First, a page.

History has not been kind to the Jaguar XJS. Rather like Bryan Adam’s earworm Everything I Do, I Do It For You, its very success – it easily outsold the E Type for example – has done nothing to bring it in from the classic car cold.
For a lot of enthusiasts the car represents all that was wrong with Jaguar in the 70s. As a replacement for the E Type, the XJS suffers by comparison. Where the earlier car has a hewn-from-stone, fully realised simplicity, the XJS, at least initially, seemed to be less than the sum of its disparate parts. The buttresses, borrowed from the Ferrari Dino, the low rent XJ saloon-derived interior and the bulbous headlamps all suggested a car developed by too many people over too long a time. And, in fairness, that was the reality.
And yet, look past all that and the XJS was and is a highly competent grand tourer. Where the Mercedes SL was heavy, squat, stripped out and bland, the XJS had a magic carpet ride, decent handling, distinctive styling and practicality. Plus that superlative V12 engine. Those qualities are what I think make the XJS perhaps one of the best classic cars you can buy – and they’re bargains.
Launch & Development
The XJS’ development was delayed due to the usual British Leyland machinations, finally appearing a full 9 years after the XJ6, on which it is heavily based. The aim was to create a proper GT car for the American market that would be relatively cheap to produce – using shared components – but sold at a high price. Where the E Type was a car in search of a market, the XJS was the result of market research, focus groups and bean counting.
Despite all that, and the inclusion of the brilliant V12 engine, sales were poor. By the mid-70s Jaguar’s reputation was on the floor and the XJS’ looks, price and standard auto gearbox alienated customers hoping to trade in their E Types. By the late 70s it was virtually dead in the water, with a mere trickle of sales – in 1980 just over 1,000 XJS’ left the factory.
An inspired rethink by Jaguar saved the car from the gallows. Keen to fatten the company up for sale, Jaguar took its meagre war chest and titivated the XJS. Quality improvements and the introduction of the (relatively) fuel efficient V12 HE engine were followed by a 3.6 litre straight six version then a cabriolet and finally a full convertible. By the late 1980s the XJS had been made over, a dusting of chrome and wood veneer finishing off the showroom tinsel.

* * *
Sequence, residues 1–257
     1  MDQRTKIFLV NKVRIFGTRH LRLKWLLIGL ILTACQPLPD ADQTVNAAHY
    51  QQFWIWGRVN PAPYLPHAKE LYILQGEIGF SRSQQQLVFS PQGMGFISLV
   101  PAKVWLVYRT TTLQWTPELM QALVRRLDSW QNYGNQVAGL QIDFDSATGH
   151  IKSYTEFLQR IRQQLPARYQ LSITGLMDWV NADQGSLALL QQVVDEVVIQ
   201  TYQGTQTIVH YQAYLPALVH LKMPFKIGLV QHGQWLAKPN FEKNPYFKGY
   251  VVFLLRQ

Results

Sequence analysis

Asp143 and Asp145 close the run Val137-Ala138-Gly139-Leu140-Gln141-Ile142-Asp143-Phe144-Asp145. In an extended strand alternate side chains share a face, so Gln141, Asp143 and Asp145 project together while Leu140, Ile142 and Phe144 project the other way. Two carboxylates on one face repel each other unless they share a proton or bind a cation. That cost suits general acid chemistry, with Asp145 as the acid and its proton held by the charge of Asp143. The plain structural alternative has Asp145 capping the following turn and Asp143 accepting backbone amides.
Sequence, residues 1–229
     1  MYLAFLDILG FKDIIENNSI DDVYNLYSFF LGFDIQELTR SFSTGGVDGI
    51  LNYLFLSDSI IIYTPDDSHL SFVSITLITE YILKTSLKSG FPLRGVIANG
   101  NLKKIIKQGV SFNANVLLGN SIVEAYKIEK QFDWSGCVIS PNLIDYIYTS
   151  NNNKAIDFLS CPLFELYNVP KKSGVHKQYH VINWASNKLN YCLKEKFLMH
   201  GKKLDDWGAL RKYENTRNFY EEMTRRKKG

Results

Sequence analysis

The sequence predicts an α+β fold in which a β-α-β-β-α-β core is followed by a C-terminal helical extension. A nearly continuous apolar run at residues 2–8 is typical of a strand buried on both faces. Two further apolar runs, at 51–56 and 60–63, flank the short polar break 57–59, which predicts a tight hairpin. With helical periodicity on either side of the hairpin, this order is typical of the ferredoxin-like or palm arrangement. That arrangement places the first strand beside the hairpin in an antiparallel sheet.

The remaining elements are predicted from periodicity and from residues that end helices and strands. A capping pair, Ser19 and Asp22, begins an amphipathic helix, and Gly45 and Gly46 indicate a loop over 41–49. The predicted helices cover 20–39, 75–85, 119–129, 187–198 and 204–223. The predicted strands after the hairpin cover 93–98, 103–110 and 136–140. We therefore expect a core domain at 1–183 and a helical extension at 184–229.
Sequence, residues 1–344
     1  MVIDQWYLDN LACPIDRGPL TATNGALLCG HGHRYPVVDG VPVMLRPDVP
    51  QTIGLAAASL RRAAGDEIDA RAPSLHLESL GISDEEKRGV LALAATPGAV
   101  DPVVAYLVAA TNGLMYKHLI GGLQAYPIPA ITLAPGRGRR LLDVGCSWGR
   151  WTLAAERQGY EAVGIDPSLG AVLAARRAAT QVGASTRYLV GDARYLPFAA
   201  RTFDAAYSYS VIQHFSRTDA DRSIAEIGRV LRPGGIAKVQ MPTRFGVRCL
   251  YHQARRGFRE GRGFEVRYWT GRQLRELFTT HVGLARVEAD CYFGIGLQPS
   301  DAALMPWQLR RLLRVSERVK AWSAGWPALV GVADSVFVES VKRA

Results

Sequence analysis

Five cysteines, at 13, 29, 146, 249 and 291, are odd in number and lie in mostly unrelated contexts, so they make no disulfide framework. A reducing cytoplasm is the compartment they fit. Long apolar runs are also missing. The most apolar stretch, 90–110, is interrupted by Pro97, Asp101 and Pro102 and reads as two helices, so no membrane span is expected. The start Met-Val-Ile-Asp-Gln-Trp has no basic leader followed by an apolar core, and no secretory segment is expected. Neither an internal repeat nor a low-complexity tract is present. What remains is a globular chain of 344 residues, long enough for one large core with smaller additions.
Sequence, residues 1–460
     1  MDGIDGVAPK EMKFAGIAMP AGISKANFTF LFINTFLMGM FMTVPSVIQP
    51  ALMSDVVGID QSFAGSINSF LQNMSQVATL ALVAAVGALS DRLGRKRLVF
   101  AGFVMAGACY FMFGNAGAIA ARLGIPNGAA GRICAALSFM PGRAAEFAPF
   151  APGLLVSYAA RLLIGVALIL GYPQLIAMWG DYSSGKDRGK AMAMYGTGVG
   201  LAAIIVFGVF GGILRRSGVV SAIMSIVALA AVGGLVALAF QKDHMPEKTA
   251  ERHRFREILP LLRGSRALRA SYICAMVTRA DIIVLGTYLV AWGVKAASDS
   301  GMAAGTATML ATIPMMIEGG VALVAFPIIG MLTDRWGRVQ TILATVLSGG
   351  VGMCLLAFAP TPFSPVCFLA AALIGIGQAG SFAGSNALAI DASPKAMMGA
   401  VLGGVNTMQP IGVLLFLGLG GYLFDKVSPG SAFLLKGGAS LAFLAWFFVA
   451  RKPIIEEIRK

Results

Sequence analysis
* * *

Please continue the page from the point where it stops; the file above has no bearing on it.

Repositioning the XJS for the golf club and gin-n-tonic set was a masterstroke. So much so that when Ford bought Jaguar in 1989 it quickly shelved the well-advanced plans for the car’s replacement. Under the Blue Oval’s ownership the car received another shot of adrenaline with a well-executed facelift that saw it receive new engines and survive until 1996. After 21 years and 115,413 cars, the XJS had significantly outsold and outlived the E Type (72,515 sales and 12 years).
The fundamental ‘rightness’ of the XJS probably explains why its basic architecture underpins the later XK8, even surviving two iterations of its successor.
The XJS has a contrary place in Jaguar’s history. It doesn’t look like a traditional Jaguar in the MK2, XJ or E Type mould, and yet arguably it is the last ‘proper’ Jaguar before Ford took over. As such it drives superbly, the balance of ride and handling rarely surpassed by contemporary or even modern cars. Smooth is the word.
The XJS’ V12 engine is often overlooked despite this being the only mass produced 12 cylinder engine of modern times. If it was under the bonnet of a Ferrari it would be held up as a national treasure. Because this really is one of the world’s greatest engines – ultra smooth, effortlessly quick and a revelation to anyone who has previously made do with 4, 6 or 8 cylinders. The straight six engines are impressive but it is the V12 that pushes the XJS into a class of its own.
There is real sense of occasion with a XJS – it’s long and low and you sit in it rather than on it, the view our along the bonnet not quite E-Type-esque but not far off. This is an extremely relaxing and quiet car to drive and one that effortlessly munches miles. 1980s cars are well equipped, with cruise control and heated seats alongside the obligatory ‘trip computer.’
The XJS’ demerits are chiefly around the interior, which never really improved throughout the car’s life. The dashboard is slim to the point of invisibility and the instrument cowl on all but the final cars is about as low rent as they come. That aside, the three speed auto is probably the car’s biggest failing – it is a poor match for any of the engines, particularly the V12, and blunts what would otherwise be a fine drivers car.
Which One To Choose
There are essentially three periods of XJS – early, mid-period and late models. The early cars are getting rare and are prized for their purity and scarcity. But lined up alongside later cars, this really is the only reason to love them – the Federalised bumpers are ungainly and the interiors spartan.
Mid period cars gain wood, chrome and significant improvements in build quality, plus the choice of cabriolet or convertible bodies. 1990s cars have the best build quality and many prefer the smoothed off styling to the earlier cars – it has certainly stood the test of time. The interiors are also better, with more wood and proper dials replacing the earlier vacuum-operated gauges.